Crafting a creative skill, CTE programs an important part of a students education


Emmet Cullen

Scott Manninen conversing with students on the latest class project, “[This class] is a place where kids fit in,” Manninen said.

After two years of restricted programs and freedom in hands-on classes, students are excited to get back to hands-on learning with CTE [Career and Technical Education] classes such as woodshop, photography, and auto shop, where students have the opportunity to learn valuable technical skills that lead directly to their career pathway of choice.

Woodshop, taught by teacher and swim coach, Scott Manninen, is a class where students have the opportunity to acquire the basic skills of woodworking and basic woodshop procedures.

“Number one [skill] is job site safety. Then measuring and math, use of machinery, blueprint reading, following instructions,” Manninen said.

Manninen was introduced to woodworking through his grandfather, who was a finished carpenter. Because of this, he had the tools, which sparked Manninen’s interest in building things, like a snowboard in the seventh grade. Having this skill has allowed him to make a difference in not only his life but others. 

“It just came naturally. This career choice is perfect for me because I’m coming from a point of view where I understand my clientele,” Manninen said. “I understand my students.”

Manninen represents a doorway to hands-on career paths for students. He speaks about how everyone makes a change in their way; how important these particular kinds of jobs are for the world to work.

“There are two types of jobs in the world. There are jobs where you wake up and take a shower before you go to work, [and] there are jobs where you take a shower after work, the world needs both,” Manninen said.  

Students enjoy the class almost as much as Manninen does, including junior Erik Schwartz being an active participant. A woodshop classroom is a place where hands-on learners can thrive, Schwartz is one of those students.

“For CTE I am in the woodshop fine cabinetry class. I chose it because I enjoy woodworking and I’ve been in woodshop classes since sixth grade,” Schwartz said.

There are two types of jobs in the world. There are jobs where you wake up and take a shower before you go to work, [and] there are jobs where you take a shower after work, the world needs both

— Scott Mannien

Another CTE pathway class is photography; a class that is currently being taken over by Emmet Cullen who has made a recent transfer from teaching in Buena’s history department for the past nine years. Cullen had originally started his photography career when he went overseas to Iraq, as a U.S. soldier he wanted to capture what life is like for the families and children experiencing the effects of war. He wanted American citizens to understand what they are going through and to have an understanding of both sides.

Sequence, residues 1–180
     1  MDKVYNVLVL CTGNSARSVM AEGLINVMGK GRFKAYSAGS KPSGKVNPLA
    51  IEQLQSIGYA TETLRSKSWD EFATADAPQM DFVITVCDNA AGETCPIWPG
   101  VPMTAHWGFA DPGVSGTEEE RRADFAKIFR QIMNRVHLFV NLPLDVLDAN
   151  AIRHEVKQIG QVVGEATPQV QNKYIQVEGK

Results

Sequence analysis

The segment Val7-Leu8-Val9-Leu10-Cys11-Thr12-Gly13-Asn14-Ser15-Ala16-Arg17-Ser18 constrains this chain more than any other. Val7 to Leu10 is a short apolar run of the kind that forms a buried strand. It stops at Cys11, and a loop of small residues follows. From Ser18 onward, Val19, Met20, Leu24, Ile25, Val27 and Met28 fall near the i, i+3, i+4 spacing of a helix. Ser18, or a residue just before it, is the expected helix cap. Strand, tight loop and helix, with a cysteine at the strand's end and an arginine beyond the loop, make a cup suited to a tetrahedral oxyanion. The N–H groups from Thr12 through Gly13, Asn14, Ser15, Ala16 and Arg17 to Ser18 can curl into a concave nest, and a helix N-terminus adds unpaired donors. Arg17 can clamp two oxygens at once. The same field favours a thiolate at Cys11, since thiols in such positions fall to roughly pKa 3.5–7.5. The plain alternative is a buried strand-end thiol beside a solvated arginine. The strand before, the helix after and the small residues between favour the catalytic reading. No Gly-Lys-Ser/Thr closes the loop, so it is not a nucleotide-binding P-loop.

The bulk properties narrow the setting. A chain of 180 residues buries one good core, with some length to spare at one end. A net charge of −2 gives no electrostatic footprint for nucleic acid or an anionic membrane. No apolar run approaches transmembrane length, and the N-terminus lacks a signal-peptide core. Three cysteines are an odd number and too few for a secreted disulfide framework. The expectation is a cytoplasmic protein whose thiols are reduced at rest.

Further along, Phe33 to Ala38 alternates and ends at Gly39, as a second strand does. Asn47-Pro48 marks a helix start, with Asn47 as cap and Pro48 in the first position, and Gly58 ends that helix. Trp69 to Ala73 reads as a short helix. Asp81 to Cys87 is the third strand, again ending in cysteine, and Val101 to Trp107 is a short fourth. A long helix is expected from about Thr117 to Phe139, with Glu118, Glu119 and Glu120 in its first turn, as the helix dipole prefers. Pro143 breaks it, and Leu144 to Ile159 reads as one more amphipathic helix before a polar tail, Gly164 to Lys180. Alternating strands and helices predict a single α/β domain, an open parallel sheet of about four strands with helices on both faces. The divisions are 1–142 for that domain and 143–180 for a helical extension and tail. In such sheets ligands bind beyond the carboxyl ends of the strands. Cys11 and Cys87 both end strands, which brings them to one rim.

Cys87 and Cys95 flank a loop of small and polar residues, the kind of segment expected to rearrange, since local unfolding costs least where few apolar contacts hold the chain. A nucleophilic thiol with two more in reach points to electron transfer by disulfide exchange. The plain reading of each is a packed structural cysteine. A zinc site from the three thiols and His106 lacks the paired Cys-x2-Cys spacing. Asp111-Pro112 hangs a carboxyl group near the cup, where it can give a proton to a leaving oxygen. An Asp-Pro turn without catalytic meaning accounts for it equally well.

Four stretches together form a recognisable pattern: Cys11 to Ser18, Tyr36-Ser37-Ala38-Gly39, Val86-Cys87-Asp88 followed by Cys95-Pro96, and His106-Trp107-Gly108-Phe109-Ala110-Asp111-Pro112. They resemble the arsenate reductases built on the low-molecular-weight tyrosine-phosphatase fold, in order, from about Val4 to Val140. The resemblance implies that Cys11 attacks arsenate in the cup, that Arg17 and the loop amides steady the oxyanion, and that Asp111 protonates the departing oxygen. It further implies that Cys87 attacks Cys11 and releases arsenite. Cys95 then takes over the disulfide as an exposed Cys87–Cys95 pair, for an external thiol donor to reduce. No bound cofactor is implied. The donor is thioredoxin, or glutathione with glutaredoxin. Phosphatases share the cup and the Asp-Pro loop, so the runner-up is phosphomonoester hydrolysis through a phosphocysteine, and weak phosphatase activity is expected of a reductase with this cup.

“I started carrying a point-and-shoot camera around and taking pictures of everything but I couldn’t keep up with the kind of shots I was trying to get,” Cullen said. 

Photography gives people a different perspective and voice than writing does. There’s only so much that speaking about an issue can do to solve it. Through photos photographers can shape an entire story to evoke strong emotions which is a powerful tool in life.

“I would turn on the news and the news that was being reported was not what was happening on the streets,” Cullen said.

From a student’s point of view, it can be a fun hobby to edit and perfect social media posts, but it can also go deeper if a student expresses an immense admiration and drive to work for the skill. It’s something that should be worked on over time and always has the next level. Maddison Easter, a Junior here at Buena, is an excellent example of a student branching out and trying expanding her skills.

“Don’t expect to be good at photography the first time you try it,” Easter said. “Don’t stress if it takes a couple of tries to figure out what types of pictures you’re interested in and that you’re good at taking.”

Welding, taught by teacher Derek Metz, is a class where students are taught how to safely use tools and to create projects made from metal. They also learn foundational welding and fabrication skills that can be applied to future certifications and careers.

“A knowledge of welding and fabrication is useful to a wide variety of fields and career paths from manufacturing and construction to aerospace industries,” Metz said. “It can also be an avenue for individual expression through the creation of sculpture and art.”

This CTE class is an excellent way for students to gain experience in welding and using skills found in trade. CTE classes allow students to safely explore possible future career paths, learning valuable life skills; all while doing so in the safety and comfort of a classroom.